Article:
Over 60 TRS-3D radars are in service with navies and coastguards across the world. Besides K130 corvettes, TRS-3D radars are fitted on the US Coast Guard’s National Security Cutters, US Navy Littoral Combat Ships, as well as Finnish Navy and the Norwegian Coast Guard ships.
Raytheon developing three-dimensional expeditionary long-range radar (3DELRR) play critical role in networked integrated Air and Missile defence systems (IAMD)
Militaries around the world are increasingly facing formidable strategic and threat environment in terms of complexity, lethality, range, sophistication and number of threats. To counter these threats, the militaries around the world are developing networked integrated Air and Missile defence systems (IAMD). IAMD entails both the defence against conventional air threats, such as aircraft, helicopters, unmanned aerial vehicles and balloons (air defence), as well as the defence against ballistic missiles and cruise missiles (missile defence).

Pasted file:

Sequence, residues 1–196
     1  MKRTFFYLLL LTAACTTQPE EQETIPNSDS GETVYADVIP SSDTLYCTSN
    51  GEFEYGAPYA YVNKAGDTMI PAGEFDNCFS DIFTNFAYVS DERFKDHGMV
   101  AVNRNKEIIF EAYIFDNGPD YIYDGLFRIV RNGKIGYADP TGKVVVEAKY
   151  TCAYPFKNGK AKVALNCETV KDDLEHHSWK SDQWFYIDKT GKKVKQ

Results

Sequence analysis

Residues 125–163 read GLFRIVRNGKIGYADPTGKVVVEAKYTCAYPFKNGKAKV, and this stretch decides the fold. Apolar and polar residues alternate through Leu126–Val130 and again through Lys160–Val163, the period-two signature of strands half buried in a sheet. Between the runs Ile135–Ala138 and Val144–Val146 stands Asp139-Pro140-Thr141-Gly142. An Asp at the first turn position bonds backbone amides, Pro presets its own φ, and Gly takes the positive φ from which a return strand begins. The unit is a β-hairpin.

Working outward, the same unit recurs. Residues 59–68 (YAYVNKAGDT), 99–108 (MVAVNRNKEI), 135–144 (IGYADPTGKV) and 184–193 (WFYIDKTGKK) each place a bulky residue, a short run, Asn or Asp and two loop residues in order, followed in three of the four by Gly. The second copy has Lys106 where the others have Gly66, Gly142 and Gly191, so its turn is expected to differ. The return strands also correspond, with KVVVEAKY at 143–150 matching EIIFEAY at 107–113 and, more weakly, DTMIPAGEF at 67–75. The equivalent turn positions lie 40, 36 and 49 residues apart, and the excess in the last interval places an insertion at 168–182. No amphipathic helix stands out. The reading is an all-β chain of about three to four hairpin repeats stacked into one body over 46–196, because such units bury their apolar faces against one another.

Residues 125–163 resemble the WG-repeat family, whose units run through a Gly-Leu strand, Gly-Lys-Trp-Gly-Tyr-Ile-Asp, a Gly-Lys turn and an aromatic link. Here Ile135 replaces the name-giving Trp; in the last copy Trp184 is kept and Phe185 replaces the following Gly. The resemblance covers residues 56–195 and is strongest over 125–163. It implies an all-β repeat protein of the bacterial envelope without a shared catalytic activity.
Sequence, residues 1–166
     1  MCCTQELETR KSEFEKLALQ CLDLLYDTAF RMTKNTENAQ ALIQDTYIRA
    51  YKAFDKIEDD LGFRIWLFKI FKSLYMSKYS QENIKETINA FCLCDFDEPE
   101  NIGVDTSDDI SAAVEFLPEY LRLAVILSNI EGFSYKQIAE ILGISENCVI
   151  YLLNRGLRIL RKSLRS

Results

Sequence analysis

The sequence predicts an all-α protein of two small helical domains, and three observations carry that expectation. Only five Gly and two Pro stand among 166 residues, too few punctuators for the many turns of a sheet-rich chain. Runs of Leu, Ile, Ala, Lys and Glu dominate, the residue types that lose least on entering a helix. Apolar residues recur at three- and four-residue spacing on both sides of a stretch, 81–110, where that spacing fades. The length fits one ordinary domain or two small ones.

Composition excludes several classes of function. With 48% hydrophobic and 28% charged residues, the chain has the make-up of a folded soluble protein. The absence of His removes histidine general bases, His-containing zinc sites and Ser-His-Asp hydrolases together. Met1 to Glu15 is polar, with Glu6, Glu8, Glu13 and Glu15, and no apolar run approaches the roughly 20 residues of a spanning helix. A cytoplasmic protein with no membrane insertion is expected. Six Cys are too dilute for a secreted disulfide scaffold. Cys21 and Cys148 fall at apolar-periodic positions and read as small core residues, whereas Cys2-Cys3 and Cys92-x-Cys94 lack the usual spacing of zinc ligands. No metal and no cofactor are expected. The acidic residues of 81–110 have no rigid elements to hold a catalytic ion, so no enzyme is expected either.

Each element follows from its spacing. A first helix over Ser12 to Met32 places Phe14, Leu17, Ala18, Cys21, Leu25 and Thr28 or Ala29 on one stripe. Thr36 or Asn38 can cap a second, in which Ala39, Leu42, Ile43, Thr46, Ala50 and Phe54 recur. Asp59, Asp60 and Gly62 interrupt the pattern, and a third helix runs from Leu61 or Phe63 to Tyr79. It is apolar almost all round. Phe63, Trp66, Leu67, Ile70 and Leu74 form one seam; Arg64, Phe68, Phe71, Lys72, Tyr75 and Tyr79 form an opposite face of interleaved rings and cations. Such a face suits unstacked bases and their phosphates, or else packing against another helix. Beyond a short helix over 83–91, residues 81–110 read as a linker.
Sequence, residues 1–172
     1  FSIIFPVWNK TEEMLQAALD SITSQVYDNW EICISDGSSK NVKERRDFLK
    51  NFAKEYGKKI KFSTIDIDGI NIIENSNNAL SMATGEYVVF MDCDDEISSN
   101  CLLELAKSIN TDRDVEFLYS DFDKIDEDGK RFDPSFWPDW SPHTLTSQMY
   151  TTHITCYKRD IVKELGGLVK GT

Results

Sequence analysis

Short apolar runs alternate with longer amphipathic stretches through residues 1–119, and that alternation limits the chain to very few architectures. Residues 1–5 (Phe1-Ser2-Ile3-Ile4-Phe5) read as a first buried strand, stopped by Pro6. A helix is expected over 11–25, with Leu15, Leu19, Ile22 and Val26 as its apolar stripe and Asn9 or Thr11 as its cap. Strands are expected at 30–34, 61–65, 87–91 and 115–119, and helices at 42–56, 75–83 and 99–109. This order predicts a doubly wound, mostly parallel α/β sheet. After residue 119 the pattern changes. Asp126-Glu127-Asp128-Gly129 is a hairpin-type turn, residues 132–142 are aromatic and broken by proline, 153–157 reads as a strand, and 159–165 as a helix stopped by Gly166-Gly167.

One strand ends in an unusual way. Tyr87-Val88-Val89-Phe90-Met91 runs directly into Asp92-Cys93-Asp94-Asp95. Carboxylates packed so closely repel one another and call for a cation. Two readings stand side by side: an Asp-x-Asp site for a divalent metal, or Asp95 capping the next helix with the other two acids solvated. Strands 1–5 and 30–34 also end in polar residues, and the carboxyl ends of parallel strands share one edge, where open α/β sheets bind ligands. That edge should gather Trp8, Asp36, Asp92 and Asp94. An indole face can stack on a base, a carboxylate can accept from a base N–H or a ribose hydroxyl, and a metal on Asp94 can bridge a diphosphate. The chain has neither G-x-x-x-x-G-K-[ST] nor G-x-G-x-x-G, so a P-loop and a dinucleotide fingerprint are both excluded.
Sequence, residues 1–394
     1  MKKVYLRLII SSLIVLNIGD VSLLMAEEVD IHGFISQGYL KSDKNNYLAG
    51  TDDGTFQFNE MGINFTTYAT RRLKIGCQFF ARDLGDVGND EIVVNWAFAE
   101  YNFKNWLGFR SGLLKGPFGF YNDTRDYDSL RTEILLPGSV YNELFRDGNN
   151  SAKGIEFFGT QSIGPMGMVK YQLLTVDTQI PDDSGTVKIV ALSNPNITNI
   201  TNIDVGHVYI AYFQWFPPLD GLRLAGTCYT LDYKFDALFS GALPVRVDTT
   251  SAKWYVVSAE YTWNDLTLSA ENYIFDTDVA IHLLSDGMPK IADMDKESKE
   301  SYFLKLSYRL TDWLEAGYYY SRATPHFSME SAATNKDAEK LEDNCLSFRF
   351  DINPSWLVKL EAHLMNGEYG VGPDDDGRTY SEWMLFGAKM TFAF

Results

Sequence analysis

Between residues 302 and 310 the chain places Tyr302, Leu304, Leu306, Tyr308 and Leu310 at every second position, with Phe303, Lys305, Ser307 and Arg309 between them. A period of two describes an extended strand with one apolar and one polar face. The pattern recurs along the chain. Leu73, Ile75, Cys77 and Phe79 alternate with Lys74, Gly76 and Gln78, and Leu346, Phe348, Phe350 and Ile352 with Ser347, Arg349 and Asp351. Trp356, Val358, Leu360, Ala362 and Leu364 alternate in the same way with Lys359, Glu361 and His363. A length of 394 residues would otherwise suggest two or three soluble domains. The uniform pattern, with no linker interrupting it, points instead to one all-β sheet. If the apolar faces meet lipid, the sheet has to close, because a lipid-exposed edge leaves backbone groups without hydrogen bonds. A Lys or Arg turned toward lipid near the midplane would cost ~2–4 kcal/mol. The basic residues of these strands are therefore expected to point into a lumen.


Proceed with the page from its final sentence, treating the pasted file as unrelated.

Raytheon Integrated Defense Systems has developed a three-dimensional expeditionary long-range radar (3DELRR) system for the US Air Force (USAF). The company has developed 3DELRR as part of the US Department of Defense’s Design Exportability Features (DEF) programme to outpace the growing dangers of the modern battlefield.
The three-dimensional expeditionary long-range radar (3DELRR) C-band radar enables troops to detect, identify and track a wide variety of targets including drones, missiles and aircraft very accurately at great distances. C-band is also a relatively uncongested portion of the electromagnetic spectrum, therefore providing additional operational flexibility to the troops.